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Basic Freeway Section and Ideal Freeway Conditions A basic freeway section is a segment where there are no interruptions

to the flow of traffic. Interruptions to traffic flow occur when vehicles enter or leave the freeway. Therefore, a basic freeway section is one where on or off ramps are not present for at least 1500 feet upstream and downstream of the section. In addition to uninterrupted conditions, the "ideal" basic freeway section is defined as having the following characteristics:
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Each lane is 12 feet wide. There is 6 feet of clearance between the outside and the inside edges of the freeway and the nearest obstruction that would distract or influence a motorist. All vehicles are passenger cars (no trucks, buses, or recreational vehicles). Ten or more lanes (in urban areas only). Interchanges are spaced every 2 miles or more. The drivers are regular and familiar users of the freeway section. The terrain is level, with grades no greater than 2%.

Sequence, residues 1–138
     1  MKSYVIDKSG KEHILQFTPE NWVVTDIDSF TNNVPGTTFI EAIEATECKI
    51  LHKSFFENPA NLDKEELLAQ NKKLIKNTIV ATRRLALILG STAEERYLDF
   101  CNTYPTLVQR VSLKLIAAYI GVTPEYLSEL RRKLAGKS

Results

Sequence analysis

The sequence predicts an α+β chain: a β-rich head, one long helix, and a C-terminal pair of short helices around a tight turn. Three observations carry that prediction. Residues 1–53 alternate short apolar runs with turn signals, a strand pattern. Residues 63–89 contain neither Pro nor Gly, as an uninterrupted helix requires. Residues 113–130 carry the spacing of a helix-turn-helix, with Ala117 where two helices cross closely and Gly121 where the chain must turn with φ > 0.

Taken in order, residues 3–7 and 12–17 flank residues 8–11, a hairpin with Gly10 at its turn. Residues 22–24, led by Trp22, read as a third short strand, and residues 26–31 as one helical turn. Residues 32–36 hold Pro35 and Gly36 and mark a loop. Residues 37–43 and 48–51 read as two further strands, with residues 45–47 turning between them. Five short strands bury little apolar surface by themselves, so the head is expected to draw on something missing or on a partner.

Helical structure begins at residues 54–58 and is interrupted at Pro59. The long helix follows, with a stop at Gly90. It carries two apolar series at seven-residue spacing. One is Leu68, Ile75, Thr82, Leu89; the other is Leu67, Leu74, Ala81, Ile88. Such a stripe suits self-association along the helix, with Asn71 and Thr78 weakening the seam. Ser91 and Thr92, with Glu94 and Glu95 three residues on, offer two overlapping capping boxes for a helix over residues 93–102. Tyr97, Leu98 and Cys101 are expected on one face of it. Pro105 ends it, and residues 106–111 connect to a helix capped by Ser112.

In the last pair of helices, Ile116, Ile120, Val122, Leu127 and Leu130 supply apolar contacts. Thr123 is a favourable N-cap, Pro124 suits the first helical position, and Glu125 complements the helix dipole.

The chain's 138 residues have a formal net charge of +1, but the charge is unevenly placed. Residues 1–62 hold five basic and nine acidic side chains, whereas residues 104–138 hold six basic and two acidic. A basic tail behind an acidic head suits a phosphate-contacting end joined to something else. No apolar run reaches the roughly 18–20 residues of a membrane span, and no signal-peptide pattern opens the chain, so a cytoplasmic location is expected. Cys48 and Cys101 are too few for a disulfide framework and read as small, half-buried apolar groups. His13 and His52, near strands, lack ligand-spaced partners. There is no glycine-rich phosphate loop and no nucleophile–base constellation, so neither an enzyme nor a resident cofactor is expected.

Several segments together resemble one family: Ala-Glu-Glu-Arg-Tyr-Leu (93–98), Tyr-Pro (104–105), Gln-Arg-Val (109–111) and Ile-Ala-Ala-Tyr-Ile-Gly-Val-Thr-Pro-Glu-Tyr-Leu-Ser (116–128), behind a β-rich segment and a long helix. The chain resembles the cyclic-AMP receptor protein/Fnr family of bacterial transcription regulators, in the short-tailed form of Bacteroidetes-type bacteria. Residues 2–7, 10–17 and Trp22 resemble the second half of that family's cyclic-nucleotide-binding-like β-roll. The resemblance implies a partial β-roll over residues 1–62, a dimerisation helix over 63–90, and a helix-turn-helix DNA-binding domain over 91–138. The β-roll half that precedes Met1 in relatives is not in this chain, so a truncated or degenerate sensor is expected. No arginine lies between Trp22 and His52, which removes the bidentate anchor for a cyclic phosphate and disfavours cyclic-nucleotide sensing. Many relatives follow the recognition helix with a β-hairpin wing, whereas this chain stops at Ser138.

Together, these conditions represent the "highest" (ideal) type of freeway section, which is one with a free-flow speed of 70 mph or higher and a capacity of 2400 passenger cars per hour per lane (pcphpl). Basic Freeway Section and Ideal Freeway Conditions The following excerpt was taken from Chapter 3, page 3-1, of the 1997 revision of the Highway Capacity Manual published by the Transportation Research Board. A freeway may be defined as a divided highway with full control of access and two or more lanes for the exclusive use of traffic in each direction. Freeways provide uninterrupted flow. There are no signalized or stop-controlled at-grade intersections, and direct access to and from adjacent property is not permitted. Access to and from the freeway is limited to ramp locations. Opposing directions of flow are continuously separated by a raised barrier, an at-grade median, or a raised traffic island. Operating conditions on a freeway primarily result from interactions among vehicles and drivers in the traffic stream and between vehicles and their drivers and the geometric characteristics of the freeway. Operations can also be affected by environmental conditions, such as weather or lighting conditions, by pavement conditions, and by the occurrence of traffic incidents. Freeway vs Highway All freeways are highways but not every highway is a freeway. A freeway is a "controlled-access" highway that's designed exclusively for high-speed vehicular traffic. Traffic flow on a freeway is unhindered because there are no traffic signals, intersections or any at-grade crossings with other roads, railways, or pedestrian paths. The main difference between freeways and multilane highways is that in the case of freeways, these roads are separated from the rest of the traffic and can only be accessed by ramps. These ramps (slip roads) allow for speed changes between the freeway and arterial thoroughfares and collector roads. Opposing directions of traffic on a freeway are physically separated by a central reservation (median), such as a strip of grass or boulders, or by a traffic barrier. Traffic across a freeway is carried by overpasses and underpasses.